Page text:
Over the course of twenty years, Ashley and I both have told the story dozens of times. Never once has Studly Doright been at that vet’s office with us, that is, until he told the story during our little trip down memory lane. According to him, he was the one holding the dog. He was the one who kept Ashley from hitting the floor. He was the one who became exasperated by the vet’s silly nattering. No amount of arguing with him could convince him that his memory was false. Hell, I began wondering if I was the one with the faulty memory.

Then while at Ashley’s home in Illinois for Christmas I asked her to recount the story. She did, almost word for word the way I wrote it above. Studly couldn’t believe his ears; although, in the face of such strong evidence he began to realize that perhaps he had internalized the details of our story to the point he’d convinced himself that it had happened to him. He won’t quite admit that he was wrong, but he is no longer adamant that he was there.

It’s kind of fascinating, isn’t it? That the brain can trick itself into believing something. It makes me wonder what memories I have that aren’t accurate, or that aren’t even my own. Like that memory I have of Han Solo and me kissing on board the Millennium Falcon as we evaded Imperial ships on our way to Cloud City. Don’t you dare tell me that never happened!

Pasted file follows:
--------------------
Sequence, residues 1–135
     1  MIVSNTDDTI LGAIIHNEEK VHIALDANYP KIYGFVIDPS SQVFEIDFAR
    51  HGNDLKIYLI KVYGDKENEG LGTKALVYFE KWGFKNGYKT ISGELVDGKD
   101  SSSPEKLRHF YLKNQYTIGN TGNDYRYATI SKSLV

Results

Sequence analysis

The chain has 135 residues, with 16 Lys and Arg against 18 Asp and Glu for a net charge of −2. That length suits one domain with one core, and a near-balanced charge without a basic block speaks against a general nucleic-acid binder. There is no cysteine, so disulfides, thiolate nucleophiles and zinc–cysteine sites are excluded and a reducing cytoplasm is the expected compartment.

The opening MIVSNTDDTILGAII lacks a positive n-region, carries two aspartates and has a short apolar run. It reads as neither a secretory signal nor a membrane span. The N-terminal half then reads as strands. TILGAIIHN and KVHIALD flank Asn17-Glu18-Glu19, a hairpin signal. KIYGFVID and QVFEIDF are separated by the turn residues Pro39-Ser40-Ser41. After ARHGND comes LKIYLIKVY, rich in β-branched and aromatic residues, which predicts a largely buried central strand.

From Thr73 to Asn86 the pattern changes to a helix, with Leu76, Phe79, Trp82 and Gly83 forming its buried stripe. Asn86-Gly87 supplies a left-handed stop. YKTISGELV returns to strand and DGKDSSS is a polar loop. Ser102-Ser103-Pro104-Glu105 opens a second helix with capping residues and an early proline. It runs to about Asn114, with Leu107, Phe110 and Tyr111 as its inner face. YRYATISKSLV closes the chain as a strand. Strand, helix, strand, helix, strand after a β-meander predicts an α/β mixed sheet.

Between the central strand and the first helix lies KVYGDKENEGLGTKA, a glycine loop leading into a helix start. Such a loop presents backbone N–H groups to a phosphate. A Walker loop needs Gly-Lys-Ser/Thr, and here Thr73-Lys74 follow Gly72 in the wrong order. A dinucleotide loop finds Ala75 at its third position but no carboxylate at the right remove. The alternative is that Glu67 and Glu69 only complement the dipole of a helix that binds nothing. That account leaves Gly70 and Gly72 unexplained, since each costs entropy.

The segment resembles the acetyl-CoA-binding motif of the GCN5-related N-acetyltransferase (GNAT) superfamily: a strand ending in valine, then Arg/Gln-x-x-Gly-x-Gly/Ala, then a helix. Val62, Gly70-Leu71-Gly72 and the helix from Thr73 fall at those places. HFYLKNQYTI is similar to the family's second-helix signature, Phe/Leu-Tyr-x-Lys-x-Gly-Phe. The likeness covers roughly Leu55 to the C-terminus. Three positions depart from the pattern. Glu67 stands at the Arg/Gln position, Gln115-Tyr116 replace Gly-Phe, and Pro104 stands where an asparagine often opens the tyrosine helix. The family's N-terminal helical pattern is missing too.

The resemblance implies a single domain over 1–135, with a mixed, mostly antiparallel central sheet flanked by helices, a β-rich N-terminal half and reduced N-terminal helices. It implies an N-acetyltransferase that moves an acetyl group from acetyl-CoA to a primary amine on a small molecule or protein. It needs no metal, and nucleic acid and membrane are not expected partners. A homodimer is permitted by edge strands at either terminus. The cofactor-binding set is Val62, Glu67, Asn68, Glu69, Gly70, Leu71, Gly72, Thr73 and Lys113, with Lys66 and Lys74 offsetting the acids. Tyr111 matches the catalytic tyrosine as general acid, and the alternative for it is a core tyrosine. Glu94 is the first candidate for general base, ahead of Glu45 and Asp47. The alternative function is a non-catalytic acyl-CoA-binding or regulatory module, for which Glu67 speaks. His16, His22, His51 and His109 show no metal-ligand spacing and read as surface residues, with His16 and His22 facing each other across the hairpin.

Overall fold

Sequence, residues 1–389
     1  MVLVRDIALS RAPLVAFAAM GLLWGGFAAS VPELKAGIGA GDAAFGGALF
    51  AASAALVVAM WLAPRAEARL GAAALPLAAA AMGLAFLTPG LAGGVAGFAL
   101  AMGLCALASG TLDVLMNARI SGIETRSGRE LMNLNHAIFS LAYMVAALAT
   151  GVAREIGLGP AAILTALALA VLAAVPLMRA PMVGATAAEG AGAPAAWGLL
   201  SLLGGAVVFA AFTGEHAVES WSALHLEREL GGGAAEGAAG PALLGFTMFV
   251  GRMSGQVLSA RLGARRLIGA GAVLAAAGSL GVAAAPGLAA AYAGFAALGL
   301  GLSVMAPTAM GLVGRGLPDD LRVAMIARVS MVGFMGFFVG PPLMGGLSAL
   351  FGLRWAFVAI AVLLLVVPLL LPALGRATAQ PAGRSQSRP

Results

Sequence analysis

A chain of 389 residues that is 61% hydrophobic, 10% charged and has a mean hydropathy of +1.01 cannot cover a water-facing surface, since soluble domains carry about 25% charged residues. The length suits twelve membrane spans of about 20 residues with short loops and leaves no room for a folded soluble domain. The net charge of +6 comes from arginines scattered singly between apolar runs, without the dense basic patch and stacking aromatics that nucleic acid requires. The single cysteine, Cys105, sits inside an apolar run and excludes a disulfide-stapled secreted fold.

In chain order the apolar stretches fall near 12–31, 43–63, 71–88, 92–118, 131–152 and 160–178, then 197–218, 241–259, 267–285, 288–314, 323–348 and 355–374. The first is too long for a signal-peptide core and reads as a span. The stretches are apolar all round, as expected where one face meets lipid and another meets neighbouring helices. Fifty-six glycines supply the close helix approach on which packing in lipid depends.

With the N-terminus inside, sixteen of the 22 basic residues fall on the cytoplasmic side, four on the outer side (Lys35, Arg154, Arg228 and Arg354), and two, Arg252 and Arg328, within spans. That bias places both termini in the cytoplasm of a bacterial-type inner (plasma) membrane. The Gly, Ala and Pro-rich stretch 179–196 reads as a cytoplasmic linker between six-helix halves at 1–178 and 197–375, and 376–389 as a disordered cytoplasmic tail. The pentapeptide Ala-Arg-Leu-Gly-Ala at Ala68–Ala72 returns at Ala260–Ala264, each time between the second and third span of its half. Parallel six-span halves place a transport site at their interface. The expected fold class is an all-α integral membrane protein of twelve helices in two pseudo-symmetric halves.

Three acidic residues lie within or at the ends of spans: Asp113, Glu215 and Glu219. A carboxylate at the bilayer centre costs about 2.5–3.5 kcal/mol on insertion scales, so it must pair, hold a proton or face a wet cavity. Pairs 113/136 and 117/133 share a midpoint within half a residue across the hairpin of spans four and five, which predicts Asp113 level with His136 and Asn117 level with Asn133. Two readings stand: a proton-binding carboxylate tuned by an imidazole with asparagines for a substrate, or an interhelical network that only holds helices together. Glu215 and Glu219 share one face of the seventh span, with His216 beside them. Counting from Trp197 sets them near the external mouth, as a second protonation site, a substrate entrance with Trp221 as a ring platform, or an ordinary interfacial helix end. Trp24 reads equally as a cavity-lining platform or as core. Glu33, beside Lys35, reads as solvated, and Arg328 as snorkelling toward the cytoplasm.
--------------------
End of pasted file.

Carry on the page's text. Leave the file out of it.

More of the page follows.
Peace, people!

Forgetful

Have you ever had the feeling that you’ve forgotten to do something, but you can’t remember what it is you’ve forgotten, so you stumble through your morning with that little nagging thought tugging at the back of your mind?

Now, if you made it through that mess of a sentence/paragraph above you might be thinking, “Hell, I know what she forgot. It’s the punctuation mark known as a period. That woman forgot how to use a period to end a sentence.”

You could be right. That sentence definitely could’ve used a period, but what I remembered as I was writing it was that I had forgotten to write anything at all for the blog today, and while this blog post was meant for tomorrow it now has to be pressed into duty for today, and yes, I still need to remember to use a period every now and then. Kind of like breathing.